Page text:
Monday, August 31, 2009

Treasure-Hunter or -Hunted?

A friend who collects art dropped by yesterday and somehow we started talking about our earliest memories of discovering something, whether by accident or as a result of searching. At the age of six, he found a quartz crystal on a dirt road named Diamond Road and, being a smart kid, was sure he had found a huge diamond. I enjoyed discovery so much that I once buried a toy plastic telephone in the back yard and a few days later dug it up and triumphantly "found" the treasure.

It's funny how little moments like those loom larger in retrospect as part of the trail of bread crumbs that mark the road traveled by treasure-hunters. Still, I suspect that sometimes, instead of being discovered, the treasure discovers US.

I grew up in a home with very few pictures on display, but we did have books, and as a boy I saw a black and white reproduction of "Tornado Over Kansas," a painting by John Steuart Curry. I don't know why that image made such an impression, but it was powerful. I remembered it well enough to recognize it when I saw it again at college. I really liked Curry's work and felt especially connected to it because of my early discovery.

A couple of decades went by, and one day a fellow brought me several boxes of art books he had purchased at the estate sale of a local artist. The artist's name was Josephine, and she had a very nice library with lots of choice books I wanted for myself. So I bought them all, and later went through them separating the keepers from the chaff. There I found a little chapbook about John Steuart Curry, small, thin and with inferior reproductions of the work. But before discarding it, because it was about Curry, I opened it and took a longer look. And there on the inside front page was this handwritten inscription:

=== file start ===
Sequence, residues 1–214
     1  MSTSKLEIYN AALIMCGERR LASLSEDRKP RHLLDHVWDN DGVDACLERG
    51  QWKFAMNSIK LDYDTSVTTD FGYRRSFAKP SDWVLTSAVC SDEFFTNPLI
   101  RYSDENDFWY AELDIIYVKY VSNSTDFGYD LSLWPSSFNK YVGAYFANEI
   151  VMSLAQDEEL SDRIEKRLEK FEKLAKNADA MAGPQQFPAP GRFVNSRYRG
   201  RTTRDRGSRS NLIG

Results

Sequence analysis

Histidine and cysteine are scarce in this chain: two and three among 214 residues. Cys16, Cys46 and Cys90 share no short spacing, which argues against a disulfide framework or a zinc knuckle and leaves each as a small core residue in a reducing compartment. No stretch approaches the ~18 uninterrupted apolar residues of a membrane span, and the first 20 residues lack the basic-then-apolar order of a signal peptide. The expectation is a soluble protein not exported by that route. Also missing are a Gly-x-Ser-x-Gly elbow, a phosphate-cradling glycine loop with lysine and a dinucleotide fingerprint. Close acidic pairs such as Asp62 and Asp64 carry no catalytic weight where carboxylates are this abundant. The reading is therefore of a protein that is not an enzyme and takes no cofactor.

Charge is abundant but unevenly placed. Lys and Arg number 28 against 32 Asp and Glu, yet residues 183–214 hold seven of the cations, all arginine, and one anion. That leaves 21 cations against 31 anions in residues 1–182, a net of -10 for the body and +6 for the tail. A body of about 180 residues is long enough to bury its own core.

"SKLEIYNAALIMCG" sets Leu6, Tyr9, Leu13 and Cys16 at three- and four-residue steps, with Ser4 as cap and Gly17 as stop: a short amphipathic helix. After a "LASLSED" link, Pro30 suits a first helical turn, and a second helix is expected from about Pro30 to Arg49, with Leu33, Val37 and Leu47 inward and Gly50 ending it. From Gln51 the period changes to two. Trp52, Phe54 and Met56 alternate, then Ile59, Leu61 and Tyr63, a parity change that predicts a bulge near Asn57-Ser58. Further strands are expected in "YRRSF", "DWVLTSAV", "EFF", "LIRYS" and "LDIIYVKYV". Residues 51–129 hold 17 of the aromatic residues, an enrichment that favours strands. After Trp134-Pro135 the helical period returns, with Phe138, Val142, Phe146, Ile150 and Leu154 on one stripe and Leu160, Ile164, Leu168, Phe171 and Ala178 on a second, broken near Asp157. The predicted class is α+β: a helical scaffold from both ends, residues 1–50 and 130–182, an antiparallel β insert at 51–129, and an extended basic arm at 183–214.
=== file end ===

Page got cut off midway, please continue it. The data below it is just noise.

"To sweet Josephine, with a heart full of love, John Steuart Curry."

I still think that that book found me.

This is my 100th post on this blog. Thanks to all my readers and responders.

Friday, August 28, 2009

Good For What Ails You

It seems as if most modern medications have dreamy names created by marketing departments, carefully designed to mean nothing, but suggestive of leading-edge therapeutics. You know what I'm talking about if you watch the ads on network news.

I call for a return to naming medicines like this one, Mullen's Hornet's Nest Liniment. None of the modern doctor's namby-pamby "this may sting a little" palaver. This stuff is gonna hurt like hell, and it's gonna work! After all, if you don't feel better after taking something with 66 percent alcohol, chloroform and tincture of opium in it, there's not much we can do.

Wednesday, August 26, 2009


Found this old Coca-Cola tin sign recently, and was struck by how the design graphics anticipate Pop Art imagery, with the stacked and repeated bottles. That green shadow on the right just makes the whole thing. I've seen thousands of Coke ads in my time, but I can't recall seeing this one. My guess is that it was made at least a couple of decades before the Sixties.

And so that gives me an excuse to put up a picture of the most awesome Pop sign, ever, this one for Campbell's Soup.

Monday, August 24, 2009

Red and Yellow, Black and White